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United States v. Gilkeson


August 1, 2006


The opinion of the court was delivered by: David N. Hurd United States District Judge


Defendant James Gilkeson ("defendant") was arrested by the Syracuse Police for endangering the welfare of a child in violation of New York Penal Law § 260.10. During the course of his interrogation he signed a consent form permitting the search of his computer. The results of the search resulted in a federal indictment listing charges related to child pornography under 18 U.S.C. § 2252A(a)(2) and 2256(8)(A).

Defendant moved to suppress the physical evidence seized under the auspices of the consent to search. A suppression hearing was held in Utica, New York, on December 16, 2005, and continued on January 4, 2006. The motion to suppress the evidence seized from 360 Trim St., Kirkland, New York -- where the computer was located -- on August 15, 2005, was granted. See United States v. Gilkeson, 431 F. Supp. 2d 270 (N.D.N.Y. 2006). The Government moves for reconsideration of the suppression order.*fn1 Defendant opposes and moves to dismiss the indictment as insufficient. The motions were considered on the papers.

A motion for reconsideration is well-founded only "if 'there has been an intervening change in controlling law, there is new evidence, or a need is shown to correct a clear error of law or to prevent manifest injustice.' " United States v. Robinson, 303 F.Supp.2d 231, 232 (N.D.N.Y. 2004) (quoting United States v. Sanchez, 35 F.3d 673, 677 (2d Cir. 1994)), aff'd, 430 F.3d 537 (2d Cir. 2005). Here, the crux of the Government's motion consists of providing its contrary interpretation of United States v. Patane, 542 U.S. 630 (2004), which was distinguished from the instant case in making the determination to suppress the evidence. Whatever the merits of the Government's argument, it has failed to point to any controlling decisions or factual matters that were overlooked, new evidence, clear error or manifest injustice. Therefore, the Government has failed to meet its burden and the motion will be denied.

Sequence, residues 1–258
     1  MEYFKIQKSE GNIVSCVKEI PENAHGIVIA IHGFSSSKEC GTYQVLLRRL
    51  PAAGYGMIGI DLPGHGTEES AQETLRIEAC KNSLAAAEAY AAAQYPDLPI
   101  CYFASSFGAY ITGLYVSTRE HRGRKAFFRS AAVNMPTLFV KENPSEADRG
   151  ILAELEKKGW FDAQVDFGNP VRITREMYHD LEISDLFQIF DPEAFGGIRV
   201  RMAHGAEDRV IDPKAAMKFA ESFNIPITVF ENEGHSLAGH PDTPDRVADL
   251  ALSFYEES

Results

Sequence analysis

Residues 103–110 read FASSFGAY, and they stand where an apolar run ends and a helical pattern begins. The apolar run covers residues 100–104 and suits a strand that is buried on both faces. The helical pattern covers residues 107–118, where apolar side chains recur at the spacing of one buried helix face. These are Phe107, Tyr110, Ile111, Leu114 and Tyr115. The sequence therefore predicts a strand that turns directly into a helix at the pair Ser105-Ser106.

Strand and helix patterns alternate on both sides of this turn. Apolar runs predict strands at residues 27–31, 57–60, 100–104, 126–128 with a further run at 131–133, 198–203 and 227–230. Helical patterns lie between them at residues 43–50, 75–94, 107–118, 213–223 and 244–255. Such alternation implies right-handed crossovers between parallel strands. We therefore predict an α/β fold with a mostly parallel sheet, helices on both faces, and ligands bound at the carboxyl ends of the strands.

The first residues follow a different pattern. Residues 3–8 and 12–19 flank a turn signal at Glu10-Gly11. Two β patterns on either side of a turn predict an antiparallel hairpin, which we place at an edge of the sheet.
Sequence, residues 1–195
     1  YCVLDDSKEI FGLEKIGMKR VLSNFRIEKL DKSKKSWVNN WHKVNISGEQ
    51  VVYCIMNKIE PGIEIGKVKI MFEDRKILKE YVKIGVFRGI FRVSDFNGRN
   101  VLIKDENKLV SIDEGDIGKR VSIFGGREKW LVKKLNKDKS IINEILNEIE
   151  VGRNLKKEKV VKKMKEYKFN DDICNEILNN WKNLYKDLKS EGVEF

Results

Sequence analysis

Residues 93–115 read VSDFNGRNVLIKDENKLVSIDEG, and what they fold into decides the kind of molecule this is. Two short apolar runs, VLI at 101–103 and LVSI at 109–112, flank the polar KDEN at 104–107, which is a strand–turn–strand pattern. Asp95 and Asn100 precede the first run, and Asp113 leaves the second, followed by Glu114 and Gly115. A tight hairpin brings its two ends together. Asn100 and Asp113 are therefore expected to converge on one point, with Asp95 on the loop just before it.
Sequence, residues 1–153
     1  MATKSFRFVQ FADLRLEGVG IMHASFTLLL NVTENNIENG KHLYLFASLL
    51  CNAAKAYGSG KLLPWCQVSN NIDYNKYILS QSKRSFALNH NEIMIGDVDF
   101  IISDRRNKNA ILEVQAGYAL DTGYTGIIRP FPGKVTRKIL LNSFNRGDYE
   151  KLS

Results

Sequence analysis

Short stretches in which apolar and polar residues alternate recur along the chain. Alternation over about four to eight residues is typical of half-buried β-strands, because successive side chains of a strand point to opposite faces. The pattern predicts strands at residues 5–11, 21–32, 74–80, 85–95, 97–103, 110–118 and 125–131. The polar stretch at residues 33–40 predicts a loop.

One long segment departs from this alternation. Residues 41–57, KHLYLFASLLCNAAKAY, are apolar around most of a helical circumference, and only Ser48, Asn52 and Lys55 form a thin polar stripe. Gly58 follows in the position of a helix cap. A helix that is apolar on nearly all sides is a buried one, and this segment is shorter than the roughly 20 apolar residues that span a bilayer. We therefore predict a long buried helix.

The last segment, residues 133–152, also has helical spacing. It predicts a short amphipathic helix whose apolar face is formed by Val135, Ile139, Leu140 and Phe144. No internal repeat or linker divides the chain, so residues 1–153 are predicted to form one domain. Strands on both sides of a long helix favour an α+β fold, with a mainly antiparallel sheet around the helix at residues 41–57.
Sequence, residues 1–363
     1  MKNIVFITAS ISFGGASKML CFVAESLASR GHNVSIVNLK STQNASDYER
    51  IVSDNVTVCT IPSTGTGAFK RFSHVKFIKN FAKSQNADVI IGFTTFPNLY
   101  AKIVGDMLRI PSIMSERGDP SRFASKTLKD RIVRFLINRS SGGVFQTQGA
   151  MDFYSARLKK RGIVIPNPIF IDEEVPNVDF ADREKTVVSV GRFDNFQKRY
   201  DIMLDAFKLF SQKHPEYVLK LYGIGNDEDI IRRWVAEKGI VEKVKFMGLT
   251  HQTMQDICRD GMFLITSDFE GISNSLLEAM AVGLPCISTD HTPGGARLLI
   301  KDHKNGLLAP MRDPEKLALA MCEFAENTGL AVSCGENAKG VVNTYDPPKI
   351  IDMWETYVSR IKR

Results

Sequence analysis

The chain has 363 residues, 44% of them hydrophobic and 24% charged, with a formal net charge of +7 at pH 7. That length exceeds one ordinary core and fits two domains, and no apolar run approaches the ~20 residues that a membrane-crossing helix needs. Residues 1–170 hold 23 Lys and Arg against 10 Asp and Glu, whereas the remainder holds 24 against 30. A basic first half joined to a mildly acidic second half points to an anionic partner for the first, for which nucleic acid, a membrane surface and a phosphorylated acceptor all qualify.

In response to the Government's motion for reconsideration the defendant states that, considering the suppression of the alleged images of child pornography, the Government will not be able to proceed with a prima facie case, and the indictment should be dismissed. The Government did not respond to the statement. Nonetheless, "motions to dismiss are generally inappropriate mechanisms to assess evidentiary sufficiency." U.S. v. Elliott, 363 F.Supp.2d 439, 450 (N.D.N.Y. 2005) (citing Costello v. United States, 350 U.S. 359, 363 (1956)). "In the absence of a full proffer of the Government's evidence, 'the sufficiency of the evidence is not appropriately addressed on a pretrial motion to dismiss an indictment.' " United States v. Vought, No. 05-CR-268, 2006 U.S. Dist. LEXIS 39664 (D. Conn. July 15, 2006) (quoting United States v. Alfonso, 143 F.3d 772, 777 (2d Cir.1998); see also; United States v. Remire, 400 F. Supp. 2d 627, 631 (S.D.N.Y. 2005); U.S. v. Hickey, 16 F.Supp.2d 223, 232 (E.D.N.Y. 1998) ("an expected failure of proof by the prosecution, is not properly raised as part of a motion to dismiss an [i]ndictment"). Defendant's motion to dismiss the indictment will be denied, without prejudice.

Therefore, it is


1. The Government's motion for reconsideration is DENIED; and

2. Defendant James Gilkeson's motion to dismiss the indictment is DENIED, without prejudice.


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